For example, in another Ninth Circuit case,plaintiffs argued that California’s Proposition 12 violated the dormant commerce clause by invoking the extraterritoriality doctrine. Plaintiffs argued that Proposition 12 violated the extraterritoriality doctrine by forcing out of state producers to comply with the animal housing requirements, thereby California was improperly regulating the production of animal products outside its borders. The court held that, because Proposition 12 is not a price control or price affirmation statute, it does not improperly regulate extraterritorial commercial conduct. Therefore, the constitutionality of Proposition 12 was upheld.
The U.S. Supreme Court recently both clarified and complicated the future of dormant commerce clause arguments to animal welfare protections with its ruling on National Pork Producers Council v. Ross. Following the adoption of California’s Proposition 12, the National Pork Producers Council and the American Farm Bureau Federation, filed a lawsuit on behalf of the members of these organizations that are in the business of raising and processing pigs for the sale of pork. Petitioners alleged that Proposition 12, which forbids the sale of whole pork meat in California that is made from breeding pigs (or their immediate offspring) that are confined in a cruel manner, violates the dormant commerce clause by placing an impermissible burden on interstate commerce. Petitioners also argued that Proposition 12 is an attempt by California to regulate economic activity outside of its physical borders, which violates the extraterritoriality doctrine set forth by the U.S. Supreme Court’s precedent.
Petitioners argued that the cost of compliance with Proposition 12 will increase production costs for members of their organizations, which represent an impermissible burden on interstate commerce. Petitioners also alleged that, because California imports most of the pork it consumes, the cost of compliance with Proposition 12 will be dealt to mostly out of state producers. However, petitioners ultimately conceded that those costs will fall on both California and out of state pork producers alike because all producers need to comply with the housing requirements in order to sell products in California.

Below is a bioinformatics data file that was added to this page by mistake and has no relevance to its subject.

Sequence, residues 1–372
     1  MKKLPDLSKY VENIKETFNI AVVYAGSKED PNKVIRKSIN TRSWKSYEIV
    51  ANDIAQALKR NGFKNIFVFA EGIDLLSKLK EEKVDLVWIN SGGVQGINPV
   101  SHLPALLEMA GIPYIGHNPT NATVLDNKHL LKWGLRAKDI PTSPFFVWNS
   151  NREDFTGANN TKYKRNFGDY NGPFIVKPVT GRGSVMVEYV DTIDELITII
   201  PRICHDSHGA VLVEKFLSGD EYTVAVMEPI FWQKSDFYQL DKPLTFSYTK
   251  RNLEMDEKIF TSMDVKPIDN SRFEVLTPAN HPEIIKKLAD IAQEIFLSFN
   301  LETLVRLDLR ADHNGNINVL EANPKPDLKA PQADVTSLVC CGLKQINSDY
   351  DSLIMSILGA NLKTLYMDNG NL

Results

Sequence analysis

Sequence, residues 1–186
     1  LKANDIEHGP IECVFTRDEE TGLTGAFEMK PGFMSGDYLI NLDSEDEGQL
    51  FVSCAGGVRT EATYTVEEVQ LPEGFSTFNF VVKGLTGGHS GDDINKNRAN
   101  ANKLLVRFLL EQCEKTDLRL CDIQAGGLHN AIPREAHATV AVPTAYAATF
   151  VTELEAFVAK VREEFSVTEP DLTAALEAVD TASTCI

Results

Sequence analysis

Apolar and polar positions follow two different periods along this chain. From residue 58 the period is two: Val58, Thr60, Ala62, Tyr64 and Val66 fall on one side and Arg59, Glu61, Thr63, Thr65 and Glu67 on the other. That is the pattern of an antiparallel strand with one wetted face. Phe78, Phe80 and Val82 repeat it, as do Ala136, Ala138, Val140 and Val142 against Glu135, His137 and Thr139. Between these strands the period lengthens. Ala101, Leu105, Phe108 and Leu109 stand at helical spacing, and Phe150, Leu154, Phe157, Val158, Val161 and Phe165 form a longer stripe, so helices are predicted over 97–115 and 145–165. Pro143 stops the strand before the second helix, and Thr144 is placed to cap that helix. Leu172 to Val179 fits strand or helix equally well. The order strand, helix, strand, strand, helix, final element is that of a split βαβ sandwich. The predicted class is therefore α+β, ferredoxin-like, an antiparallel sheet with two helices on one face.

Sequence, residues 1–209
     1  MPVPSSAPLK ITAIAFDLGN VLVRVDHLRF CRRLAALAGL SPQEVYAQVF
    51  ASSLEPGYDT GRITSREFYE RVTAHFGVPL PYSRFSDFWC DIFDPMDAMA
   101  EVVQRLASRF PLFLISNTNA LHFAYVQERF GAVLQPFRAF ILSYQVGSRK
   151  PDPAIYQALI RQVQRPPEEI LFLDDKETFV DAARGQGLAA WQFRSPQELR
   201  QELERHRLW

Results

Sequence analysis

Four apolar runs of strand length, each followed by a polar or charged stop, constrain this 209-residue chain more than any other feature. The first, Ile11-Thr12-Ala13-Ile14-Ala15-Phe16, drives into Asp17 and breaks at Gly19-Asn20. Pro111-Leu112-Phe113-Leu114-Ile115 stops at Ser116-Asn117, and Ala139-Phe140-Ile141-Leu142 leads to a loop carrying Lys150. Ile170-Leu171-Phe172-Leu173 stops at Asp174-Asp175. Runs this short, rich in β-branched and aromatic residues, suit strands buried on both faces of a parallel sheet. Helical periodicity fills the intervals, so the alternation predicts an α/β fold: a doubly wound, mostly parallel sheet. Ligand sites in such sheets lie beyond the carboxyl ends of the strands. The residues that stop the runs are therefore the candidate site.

The district court concluded that petitioners’ complaint failed to state a claim as a matter of law and dismissed the case, and the Ninth Circuit affirmed. The U.S. Supreme Court granted certiorari (a writ by which a higher court agrees to review a lower court's decision) and affirmed the judgment of the Ninth Circuit, rejecting petitioners’ arguments that Proposition 12 violates the dormant commerce clause. The Court found no violation of the dormant commerce clause for a number of reasons. First, Proposition 12 did not have a discriminatory purpose or effect because it imposed the same burdens on in state pork producers that it imposes on out of state pork producers. Next, the Court rejected the extraterritoriality doctrine argument because the line of cases relied on do not create a per se rule that a law with practical extraterritorial effects is unconstitutional. Lastly, the Court did not use the Pike balancing test (a legal test established in a previous case) because it is the role of the legislature to balance the competing interests at stake, and a substantial burden on interstate commerce must be shown first. Accordingly, the judgment of the Ninth Circuit was affirmed.
The future of state laws to regulate the welfare of poultry and livestock animals, post National Pork Producers Council v. Ross, seems to be that states will be afforded more freedom to pass regulations and requirements that businesses must comply with in order to access the consumer markets within those states. Combined with the trend among the general public towards greater knowledge of and care about ending the abuse that animals face in large scale industrial farms, and it is likely that more states will take steps towards enacting legislation to regulate the confinement and treatment of livestock and poultry. Ridding the use of battery cages, veal crates, and gestation crates will likely take time and continued pressure from those in favor of farm animal welfare. However, post National Pork Producers Council v. Ross, it appears those changes will occur throughout the livestock and poultry industries in due time.